In public and private, there is a stained backdrop to the Christmas saga. Elizabeth and Mary must have struggled with their own personal tragedies of infertility and unwed motherhood.
Luke spends more time telling us of the oppressive political conditions that led Joseph to Bethlehem than describing a cute little baby. First century Palestine was an occupied land, struggling under the yoke of imperial Rome, and the census that forced Joseph to drag his pregnant wife across the country would have hit the poor the hardest. I imagine the resentful conversations in the lines at the Judean census office must have echoed those I overhear in the demonetisation-driven queues at the bank this month.
I see migrants shivering on donated blankets on Delhi’s intersections; I see Chennai’s homeless struggling in makeshift shelters in the devastating wake of Cyclone Vardah; and my kitschy vision of a romantically thatched stable and manger with tastefully arranged straw dissolves into what must have been the sodden reality of a poverty so extreme it resulted in a young mother forced to give birth in a cowshed.
In your typical nativity play, the innkeeper with his “no room, no room” is often played for comic relief. I doubt today’s Syrian refugees would see the humour any more than Joseph.
And have you ever seen a Christmas pageant that takes the timeline of the story beyond the wise men with their bright star and shiny gifts? Have you seen a cast that includes those mourning mothers, “weeping for [their] children, and refusing to be comforted, because they are no more”? How about the rank-and-file soldier killing babies on a tyrant’s orders? For Jesus’ contemporaries, Bethlehem was their Auschwitz, synonymous not with a Saviour’s birth, but with the genocide of a generation’s babies. And as 21st century genocide victims know only too well, mass murder is inevitably followed by flight. Joseph and Mary were only part of a long tradition of fugitives seeking asylum in a far-off land.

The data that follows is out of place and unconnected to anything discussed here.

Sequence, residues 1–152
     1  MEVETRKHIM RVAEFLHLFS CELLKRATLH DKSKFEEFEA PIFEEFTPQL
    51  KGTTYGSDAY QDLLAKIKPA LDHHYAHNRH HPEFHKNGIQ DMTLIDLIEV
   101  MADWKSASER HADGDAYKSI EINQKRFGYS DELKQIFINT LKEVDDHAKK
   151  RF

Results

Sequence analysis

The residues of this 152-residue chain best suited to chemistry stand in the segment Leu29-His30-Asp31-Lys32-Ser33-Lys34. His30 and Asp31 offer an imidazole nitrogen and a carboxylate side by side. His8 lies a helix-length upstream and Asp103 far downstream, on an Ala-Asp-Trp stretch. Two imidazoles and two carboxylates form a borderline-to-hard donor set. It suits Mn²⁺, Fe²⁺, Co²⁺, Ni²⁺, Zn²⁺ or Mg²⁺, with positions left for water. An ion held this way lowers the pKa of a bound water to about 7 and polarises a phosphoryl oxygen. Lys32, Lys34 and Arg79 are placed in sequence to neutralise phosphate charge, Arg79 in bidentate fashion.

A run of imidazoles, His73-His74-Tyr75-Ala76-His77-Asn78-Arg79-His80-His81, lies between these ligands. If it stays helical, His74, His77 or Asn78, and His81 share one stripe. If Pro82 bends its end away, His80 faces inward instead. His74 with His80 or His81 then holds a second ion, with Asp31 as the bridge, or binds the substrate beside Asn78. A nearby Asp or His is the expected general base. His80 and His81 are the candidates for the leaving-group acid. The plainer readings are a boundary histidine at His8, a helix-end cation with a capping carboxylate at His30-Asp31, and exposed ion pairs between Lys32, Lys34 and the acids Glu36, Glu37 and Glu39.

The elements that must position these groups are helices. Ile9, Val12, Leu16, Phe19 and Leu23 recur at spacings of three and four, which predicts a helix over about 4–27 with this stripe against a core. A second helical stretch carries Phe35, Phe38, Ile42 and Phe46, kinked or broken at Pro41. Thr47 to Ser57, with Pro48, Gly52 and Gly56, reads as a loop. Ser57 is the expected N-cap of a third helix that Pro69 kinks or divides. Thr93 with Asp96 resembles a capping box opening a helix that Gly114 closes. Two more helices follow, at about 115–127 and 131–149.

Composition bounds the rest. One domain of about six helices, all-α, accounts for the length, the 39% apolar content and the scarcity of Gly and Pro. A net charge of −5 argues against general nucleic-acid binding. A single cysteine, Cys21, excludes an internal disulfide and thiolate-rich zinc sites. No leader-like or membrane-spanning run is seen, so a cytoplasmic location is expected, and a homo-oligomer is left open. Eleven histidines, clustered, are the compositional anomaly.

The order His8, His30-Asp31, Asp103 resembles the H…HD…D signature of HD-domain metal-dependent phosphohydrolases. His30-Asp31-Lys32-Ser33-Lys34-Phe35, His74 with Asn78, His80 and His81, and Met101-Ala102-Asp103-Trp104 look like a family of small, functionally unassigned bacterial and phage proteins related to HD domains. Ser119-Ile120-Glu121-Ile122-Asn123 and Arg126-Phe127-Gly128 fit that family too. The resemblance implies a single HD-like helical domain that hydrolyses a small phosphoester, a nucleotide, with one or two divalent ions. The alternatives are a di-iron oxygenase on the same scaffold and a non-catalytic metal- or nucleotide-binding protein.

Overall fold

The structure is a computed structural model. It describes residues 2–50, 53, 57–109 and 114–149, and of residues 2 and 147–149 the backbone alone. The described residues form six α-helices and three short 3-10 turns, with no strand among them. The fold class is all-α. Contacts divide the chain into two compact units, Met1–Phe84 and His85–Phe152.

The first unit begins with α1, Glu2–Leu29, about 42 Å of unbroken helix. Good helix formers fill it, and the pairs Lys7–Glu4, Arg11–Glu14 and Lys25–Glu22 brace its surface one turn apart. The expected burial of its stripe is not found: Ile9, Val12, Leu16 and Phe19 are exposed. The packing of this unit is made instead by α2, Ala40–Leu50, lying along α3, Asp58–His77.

Matthew and Luke paint a dark picture of the circumstances of Christ’s birth. It is left to John, the last gospel writer, to put it into eternal perspective.
John starts with a darkness of cosmic proportions, as with the words “In the beginning”, he hearkens back to Genesis, to a time when “the earth was formless and empty, [and] darkness was over the surface of the deep”. And in that beginning, God said, “Let there be light.” And there was light. And the world was forever changed.
But John tells a parallel story, of the true light, the light of all mankind, which would give light to everyone, a light coming into a dark, dark world.
And then he makes my favourite Christmas statement:
“The light shines in the darkness…
...and the darkness has not overcome it.”
Clearly, this is no romantic candlelight that shines cosily for a few hours and then flickers out. Instead, this is the eternal “Sun of Righteousness, [who will] arise with healing in his wings.”
There is no denying the depth of darkness that surrounds the world, or that infects my soul. And I am encouraged by the acknowledgement of that darkness even at that first Christmas. And yet this is the foundation of my celebration this year: that the birth of Christ is God's assurance that in the long battle with the dark, Light will always win.